North Dakota residents will have the opportunity to support a firm stance against tobacco use by voting for a measure that would increase the tax on cigarettes by 400 percent on November’s 2016 general election ballot.


North Dakota’s Measure 4, if passed, would increase the tax on a package of 20 cigarettes from $0.44 to $2.20. It would also increase the excise tax assessed on other tobacco products (such as cigars, pipe tobacco and other forms of tobacco) from 28 percent to 56 percent of the wholesale purchase price.  


Significantly, the text of the initiative includes liquid nicotine in its definition of tobacco products, so e-cigarette and inhalation device users would be affected by tobacco excise taxes for the first time.


One supporter of the measure is the Raise It for Health North Dakota coalition, which believes that the tax increase will bring such benefits as prevention and reduction in tobacco use, health care cost reduction, and program funding for state’s veterans and residents suffering from mental health issues.


The opposition includes the North Dakota Retail Association (NDRA) because of the possible financial losses retailers may face and the cutbacks that may stem from the losses, according to NDRA President Mike Rud.


The revenue generated from the tobacco tax increase is estimated to be at around $200 million for the first two years. Using this revenue, the veteran’s tobacco tax trust fund will assist programs and services geared toward veterans and their dependents and will go into effect with the passage of Measure 4. The community health trust fund supports programs committed to an extensive behavioral health plan, local health entity services, and “chronic disease detection, prevention, treatment and control programs.”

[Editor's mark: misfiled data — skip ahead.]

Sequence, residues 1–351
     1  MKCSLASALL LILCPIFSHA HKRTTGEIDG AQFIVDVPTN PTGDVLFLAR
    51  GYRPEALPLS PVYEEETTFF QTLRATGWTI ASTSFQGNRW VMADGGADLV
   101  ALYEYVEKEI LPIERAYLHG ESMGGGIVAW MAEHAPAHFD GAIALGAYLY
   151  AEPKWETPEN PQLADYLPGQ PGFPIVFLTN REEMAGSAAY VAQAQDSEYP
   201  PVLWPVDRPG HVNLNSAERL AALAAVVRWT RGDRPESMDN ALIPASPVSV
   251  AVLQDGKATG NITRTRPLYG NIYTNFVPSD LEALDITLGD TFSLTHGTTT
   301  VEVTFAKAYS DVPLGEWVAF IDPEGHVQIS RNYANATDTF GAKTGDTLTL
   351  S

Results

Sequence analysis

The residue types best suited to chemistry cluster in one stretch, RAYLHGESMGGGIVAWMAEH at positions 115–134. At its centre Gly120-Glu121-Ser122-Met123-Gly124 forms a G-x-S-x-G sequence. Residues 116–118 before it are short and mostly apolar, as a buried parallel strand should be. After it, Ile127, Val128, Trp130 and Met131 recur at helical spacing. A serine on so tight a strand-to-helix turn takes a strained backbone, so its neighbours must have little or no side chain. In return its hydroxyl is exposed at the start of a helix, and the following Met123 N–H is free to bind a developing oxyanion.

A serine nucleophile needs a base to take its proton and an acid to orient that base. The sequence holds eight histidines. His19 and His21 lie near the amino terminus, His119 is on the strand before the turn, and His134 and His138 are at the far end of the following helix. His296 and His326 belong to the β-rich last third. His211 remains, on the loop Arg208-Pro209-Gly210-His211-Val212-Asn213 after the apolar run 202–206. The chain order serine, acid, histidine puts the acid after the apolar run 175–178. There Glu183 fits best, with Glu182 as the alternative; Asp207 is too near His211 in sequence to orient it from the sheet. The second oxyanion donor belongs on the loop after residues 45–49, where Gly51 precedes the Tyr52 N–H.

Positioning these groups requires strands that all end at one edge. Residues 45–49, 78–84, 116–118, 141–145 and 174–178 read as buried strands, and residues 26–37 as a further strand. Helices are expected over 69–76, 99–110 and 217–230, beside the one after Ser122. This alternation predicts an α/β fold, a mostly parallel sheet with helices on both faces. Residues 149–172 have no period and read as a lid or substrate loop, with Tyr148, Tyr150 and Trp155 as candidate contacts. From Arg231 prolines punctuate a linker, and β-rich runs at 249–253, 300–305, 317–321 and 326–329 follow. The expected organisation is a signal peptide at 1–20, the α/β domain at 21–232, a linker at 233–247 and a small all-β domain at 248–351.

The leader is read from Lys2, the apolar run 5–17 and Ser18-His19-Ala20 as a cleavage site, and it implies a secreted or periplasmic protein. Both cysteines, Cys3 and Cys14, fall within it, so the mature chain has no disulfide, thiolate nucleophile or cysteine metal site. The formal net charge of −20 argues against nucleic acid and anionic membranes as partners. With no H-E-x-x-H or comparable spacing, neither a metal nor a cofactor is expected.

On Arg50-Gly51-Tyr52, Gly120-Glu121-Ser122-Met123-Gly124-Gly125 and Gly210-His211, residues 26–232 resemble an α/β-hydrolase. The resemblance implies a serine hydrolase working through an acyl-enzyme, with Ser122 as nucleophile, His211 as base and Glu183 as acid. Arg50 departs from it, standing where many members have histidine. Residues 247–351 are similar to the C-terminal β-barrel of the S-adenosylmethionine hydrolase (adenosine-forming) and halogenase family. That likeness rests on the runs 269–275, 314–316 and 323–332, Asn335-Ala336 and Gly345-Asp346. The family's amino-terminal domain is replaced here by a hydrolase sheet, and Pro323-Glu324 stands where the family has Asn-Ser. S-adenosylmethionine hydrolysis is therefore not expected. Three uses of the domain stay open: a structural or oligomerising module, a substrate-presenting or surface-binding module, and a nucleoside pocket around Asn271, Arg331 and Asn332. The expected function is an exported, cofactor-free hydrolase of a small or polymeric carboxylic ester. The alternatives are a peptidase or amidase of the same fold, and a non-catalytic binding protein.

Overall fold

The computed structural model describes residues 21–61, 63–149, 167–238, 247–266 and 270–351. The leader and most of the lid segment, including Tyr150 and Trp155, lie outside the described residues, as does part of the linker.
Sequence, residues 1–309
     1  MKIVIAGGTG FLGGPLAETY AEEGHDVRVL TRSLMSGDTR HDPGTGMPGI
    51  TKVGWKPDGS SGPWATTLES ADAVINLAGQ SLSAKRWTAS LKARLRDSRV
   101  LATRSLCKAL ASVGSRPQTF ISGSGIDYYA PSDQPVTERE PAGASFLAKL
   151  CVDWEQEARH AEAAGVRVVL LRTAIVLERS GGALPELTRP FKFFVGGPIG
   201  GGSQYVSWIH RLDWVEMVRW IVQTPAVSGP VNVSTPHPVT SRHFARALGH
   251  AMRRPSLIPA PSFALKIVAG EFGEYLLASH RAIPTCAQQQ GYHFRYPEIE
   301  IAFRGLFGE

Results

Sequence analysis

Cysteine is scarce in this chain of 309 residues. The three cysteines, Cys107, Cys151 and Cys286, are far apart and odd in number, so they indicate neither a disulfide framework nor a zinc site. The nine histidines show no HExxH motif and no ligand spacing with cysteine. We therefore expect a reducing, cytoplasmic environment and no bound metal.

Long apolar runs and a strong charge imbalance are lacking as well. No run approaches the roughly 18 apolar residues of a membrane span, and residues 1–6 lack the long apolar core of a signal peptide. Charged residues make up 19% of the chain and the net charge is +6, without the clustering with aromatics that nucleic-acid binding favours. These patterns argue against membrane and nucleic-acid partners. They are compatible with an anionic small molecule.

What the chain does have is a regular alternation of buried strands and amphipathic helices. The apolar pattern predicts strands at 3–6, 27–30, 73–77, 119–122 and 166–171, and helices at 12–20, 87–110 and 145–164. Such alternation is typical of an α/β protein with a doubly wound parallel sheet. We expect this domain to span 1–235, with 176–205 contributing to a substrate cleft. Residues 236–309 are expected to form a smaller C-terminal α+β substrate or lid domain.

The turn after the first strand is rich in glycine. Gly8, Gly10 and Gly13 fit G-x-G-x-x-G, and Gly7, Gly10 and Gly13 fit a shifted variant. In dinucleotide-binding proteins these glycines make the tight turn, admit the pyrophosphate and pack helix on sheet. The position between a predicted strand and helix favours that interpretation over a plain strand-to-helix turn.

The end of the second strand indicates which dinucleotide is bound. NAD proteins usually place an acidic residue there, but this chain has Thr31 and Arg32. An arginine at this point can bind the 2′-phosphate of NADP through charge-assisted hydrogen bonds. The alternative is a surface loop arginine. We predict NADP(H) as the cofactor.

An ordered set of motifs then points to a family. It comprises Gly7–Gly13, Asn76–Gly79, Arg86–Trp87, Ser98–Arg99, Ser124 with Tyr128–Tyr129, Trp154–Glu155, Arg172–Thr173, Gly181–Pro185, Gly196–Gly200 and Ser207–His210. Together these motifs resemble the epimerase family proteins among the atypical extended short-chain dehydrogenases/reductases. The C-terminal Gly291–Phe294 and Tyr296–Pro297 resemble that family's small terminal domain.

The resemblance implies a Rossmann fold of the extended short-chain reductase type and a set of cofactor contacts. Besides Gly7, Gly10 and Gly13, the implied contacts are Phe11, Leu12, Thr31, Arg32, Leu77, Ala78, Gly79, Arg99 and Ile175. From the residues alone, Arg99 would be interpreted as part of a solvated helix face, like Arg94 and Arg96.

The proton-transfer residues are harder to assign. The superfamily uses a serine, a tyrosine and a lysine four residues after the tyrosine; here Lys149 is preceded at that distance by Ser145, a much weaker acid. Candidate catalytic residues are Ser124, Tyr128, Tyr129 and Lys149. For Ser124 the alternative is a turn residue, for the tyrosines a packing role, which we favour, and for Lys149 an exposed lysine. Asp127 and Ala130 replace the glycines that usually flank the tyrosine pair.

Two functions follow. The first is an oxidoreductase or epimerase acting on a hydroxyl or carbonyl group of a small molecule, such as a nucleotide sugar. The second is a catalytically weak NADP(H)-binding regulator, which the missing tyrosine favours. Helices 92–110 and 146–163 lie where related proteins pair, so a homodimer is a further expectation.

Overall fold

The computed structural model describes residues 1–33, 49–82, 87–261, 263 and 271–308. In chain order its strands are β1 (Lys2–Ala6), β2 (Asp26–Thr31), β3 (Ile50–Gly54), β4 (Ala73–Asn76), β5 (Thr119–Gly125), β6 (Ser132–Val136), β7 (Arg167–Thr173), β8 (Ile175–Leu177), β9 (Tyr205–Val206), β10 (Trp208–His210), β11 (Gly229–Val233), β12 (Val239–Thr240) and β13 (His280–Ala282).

Measure 4 would also repeal an existing tobacco tax exemption under N.D. Cent. Code §57-36-24 for all tobacco products given for distribution to the occupants of the state veteran’s home or state hospital.


North Dakota is joined by California, Colorado and Missouri in having 2016 election ballot initiatives with proposals to increase cigarette taxes. California’s Proposition 56 would raise the tax on a pack of cigarettes from $0.87 to $2.87 - about a 230 percent increase. Colorado’s Initiative 143 proposes imposing an additional tax on cigarettes that would increase the tax on a pack of cigarettes from $0.84 to $2.59 - about a 208 percent increase. Missouri has two proposed initiatives on their ballot meant to increase cigarette taxes. Constitutional Amendment 3 proposes gradually increasing the tax on a pack of cigarettes from $0.17 until it reaches $0.77 - about a 353 percent increase; and Proposition A would gradually increase the tax from $0.17 to $0.40 - about a 135 percent. North Dakota, although small in population and size compared to the mentioned states, is looking to stand out with its whopping 400 percent cigarette tax increase.


The outcome of the general election on these measures could be an indication of what ranks higher in taxpayer concerns - future health benefits or continued retailer stability.    



Continue the discussion on Bloomberg BNA’s State Tax Group on LinkedIn: Does the possibility of fewer future tobacco users outweigh the impact of current retailer financial losses, when it comes to increasing the tax on tobacco products? 

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